It doesn’t seem likely that St. Albert is destined to get a provincially-funded family resource centre anytime soon.
Mayor Nolan Crouse shared a letter from the Human Services Minister Irfan Sabir sent to the mayor earlier this month.
The letter, written in response to correspondence from the mayor and the St. Albert Catholic and public school boards, notes that the St. Albert Family Resource Centre does receive some funding from Human Services “to offer programming comparable to what is available at Parent Link Centres, including community supports for families of young children.”
Parent Link Centres offer programs and activities for children and their parents for free. There are 53 centres across the province serving 77 different communities according to the Human Services website.
The letter also outlines the criteria used do decide which communities will receive funding for Parent Link Centres, which include targeting “communities where kindergarten-age children have a higher percentage than the Alberta average (29 per cent) of children with great difficulty in one or more areas of development.”
The letter from Sabir said as resources allow, new centres will be provided for in communities where the “needs are demonstrated to be the highest for early childhood development.”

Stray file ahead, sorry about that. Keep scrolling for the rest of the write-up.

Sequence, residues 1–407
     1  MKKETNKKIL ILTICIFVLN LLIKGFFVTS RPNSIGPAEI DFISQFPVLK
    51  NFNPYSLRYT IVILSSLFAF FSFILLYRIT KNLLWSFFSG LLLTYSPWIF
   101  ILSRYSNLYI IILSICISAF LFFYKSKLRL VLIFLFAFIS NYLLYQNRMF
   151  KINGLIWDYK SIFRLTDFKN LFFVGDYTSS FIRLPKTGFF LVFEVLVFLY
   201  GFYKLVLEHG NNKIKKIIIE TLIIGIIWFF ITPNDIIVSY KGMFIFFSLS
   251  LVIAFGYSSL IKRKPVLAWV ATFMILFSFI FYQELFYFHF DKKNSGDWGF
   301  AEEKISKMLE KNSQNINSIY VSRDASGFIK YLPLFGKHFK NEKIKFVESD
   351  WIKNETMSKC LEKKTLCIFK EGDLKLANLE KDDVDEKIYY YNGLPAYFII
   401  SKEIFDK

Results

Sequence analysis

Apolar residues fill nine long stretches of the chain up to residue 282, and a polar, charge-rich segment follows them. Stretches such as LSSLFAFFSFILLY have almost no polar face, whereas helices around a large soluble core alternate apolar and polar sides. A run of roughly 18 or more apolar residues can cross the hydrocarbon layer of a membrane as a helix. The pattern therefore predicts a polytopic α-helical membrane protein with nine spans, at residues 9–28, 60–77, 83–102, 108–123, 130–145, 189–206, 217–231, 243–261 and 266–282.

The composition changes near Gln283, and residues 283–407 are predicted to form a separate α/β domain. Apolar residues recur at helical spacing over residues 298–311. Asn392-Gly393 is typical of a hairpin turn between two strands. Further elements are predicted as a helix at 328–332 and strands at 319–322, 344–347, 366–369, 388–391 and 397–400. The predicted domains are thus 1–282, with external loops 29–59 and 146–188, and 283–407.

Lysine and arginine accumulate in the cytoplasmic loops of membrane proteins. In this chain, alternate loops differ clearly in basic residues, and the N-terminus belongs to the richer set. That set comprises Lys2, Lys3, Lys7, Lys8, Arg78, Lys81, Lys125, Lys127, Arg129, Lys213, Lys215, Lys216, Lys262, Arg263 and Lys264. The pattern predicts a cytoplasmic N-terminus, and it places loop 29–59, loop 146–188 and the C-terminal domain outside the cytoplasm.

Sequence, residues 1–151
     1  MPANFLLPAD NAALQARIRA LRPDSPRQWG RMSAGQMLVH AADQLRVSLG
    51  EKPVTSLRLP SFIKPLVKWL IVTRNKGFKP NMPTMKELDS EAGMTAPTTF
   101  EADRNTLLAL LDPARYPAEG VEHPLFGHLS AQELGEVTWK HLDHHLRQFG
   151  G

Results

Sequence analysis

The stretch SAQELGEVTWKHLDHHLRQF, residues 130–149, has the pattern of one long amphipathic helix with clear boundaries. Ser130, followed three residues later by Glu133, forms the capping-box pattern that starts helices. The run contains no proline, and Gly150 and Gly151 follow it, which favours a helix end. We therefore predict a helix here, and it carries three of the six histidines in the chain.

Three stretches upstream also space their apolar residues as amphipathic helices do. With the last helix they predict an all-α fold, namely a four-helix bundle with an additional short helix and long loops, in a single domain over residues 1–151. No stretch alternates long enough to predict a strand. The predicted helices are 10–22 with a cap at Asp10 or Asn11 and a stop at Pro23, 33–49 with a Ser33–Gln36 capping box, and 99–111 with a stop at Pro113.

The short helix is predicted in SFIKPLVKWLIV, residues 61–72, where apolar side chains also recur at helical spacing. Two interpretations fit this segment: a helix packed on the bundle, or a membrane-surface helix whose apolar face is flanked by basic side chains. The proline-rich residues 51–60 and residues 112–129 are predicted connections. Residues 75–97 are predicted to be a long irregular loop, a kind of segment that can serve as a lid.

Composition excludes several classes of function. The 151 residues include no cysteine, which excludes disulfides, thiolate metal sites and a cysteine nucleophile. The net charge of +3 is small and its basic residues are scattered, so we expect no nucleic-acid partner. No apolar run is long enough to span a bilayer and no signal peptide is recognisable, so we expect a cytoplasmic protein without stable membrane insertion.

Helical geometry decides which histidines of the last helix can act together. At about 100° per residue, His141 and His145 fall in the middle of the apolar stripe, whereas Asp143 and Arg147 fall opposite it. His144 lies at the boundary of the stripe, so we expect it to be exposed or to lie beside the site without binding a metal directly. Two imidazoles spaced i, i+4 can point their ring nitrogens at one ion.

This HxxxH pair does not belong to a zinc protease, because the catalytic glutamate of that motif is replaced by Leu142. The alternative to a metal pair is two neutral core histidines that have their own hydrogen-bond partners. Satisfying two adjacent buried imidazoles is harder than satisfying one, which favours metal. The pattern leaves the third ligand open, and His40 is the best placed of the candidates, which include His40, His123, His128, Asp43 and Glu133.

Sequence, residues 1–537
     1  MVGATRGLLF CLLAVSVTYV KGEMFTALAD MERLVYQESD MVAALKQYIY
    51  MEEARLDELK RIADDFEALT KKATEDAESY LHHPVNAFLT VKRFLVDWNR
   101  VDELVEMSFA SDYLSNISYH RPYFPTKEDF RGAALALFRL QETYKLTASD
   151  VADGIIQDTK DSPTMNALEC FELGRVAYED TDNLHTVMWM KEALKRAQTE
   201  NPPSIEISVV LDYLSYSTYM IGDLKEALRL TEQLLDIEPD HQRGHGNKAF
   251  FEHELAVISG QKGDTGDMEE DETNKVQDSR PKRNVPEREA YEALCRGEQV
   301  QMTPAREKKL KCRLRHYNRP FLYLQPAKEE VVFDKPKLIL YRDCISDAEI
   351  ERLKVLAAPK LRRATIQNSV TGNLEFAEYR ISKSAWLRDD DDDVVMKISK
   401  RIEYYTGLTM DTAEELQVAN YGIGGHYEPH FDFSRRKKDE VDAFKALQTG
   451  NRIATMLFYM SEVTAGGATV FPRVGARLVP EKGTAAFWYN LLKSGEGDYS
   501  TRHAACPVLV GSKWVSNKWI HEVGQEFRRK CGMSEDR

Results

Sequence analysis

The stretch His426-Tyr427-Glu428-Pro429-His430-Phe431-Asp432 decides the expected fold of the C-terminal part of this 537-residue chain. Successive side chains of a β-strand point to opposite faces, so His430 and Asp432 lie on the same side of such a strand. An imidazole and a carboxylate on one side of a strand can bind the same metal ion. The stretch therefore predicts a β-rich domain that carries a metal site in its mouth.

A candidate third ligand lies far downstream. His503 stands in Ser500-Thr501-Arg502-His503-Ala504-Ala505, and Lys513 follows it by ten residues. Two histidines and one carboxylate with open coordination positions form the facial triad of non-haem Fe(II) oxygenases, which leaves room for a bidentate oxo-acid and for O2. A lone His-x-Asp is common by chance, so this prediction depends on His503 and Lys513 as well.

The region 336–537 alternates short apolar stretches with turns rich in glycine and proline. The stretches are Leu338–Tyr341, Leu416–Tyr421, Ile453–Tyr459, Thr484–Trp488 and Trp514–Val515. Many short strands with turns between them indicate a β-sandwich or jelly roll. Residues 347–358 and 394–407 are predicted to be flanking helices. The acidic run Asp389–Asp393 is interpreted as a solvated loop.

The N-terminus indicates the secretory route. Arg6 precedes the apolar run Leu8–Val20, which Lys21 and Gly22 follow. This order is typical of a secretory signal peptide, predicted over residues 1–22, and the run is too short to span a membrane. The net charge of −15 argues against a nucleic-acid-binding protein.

“They’re just saying no,” said Crouse. “The long and short of it is that the criteria that is set, St. Albert doesn’t meet, and move on.”
The mayor’s letter to the minister noted that St. Albert was unlike other mid-sized cities in not having a centre, and outlined the impacts of not having one such as a lack of evening hours at the St. Albert Family Resource Centre and having to pay for support services that are free elsewhere.
The letters from the school boards urged the ministry to consider St. Albert for funding.
In an interview earlier this year, Kristi Rouse, a member of the board of the St. Albert Family Resource Centre, said St. Albert is the largest municipality in Alberta without a Parent Link Centre. She said the reasons they’d been given for why St. Albert wasn’t receiving funding is that St. Albert students are below the provincial average when it comes to having great difficulty in one or more areas of development. In other words young students in the city achieve at a higher level when compared to the rest of the province.
She said despite that there has been an increase in the number of children with developmental disabilities or other special needs and early education or head start programs enrolment has jumped in this city.
Rouse said at the time that the family resource centre does offer many comparable services, but without the benefit of as much provincial funding. That means the St. Albert Family Resource Centre can’t compete for staff on a level playing field, she said in April.
The family resource centre was closed for the holidays so a representative could not be reached for comment on the minister’s recent letter.
The letter closes the book on the mayor’s advocacy on this issue for awhile.
“While I’m disappointed I’m not going to spend any time on it at least in probably the next year,” said Crouse.
Still, he appreciates the clarification from the ministry.
“There’s times where you say you’re asking for clarity from somebody, and when you get it, it doesn’t mean you like the answer but at least you’ve got clarity,” Crouse said.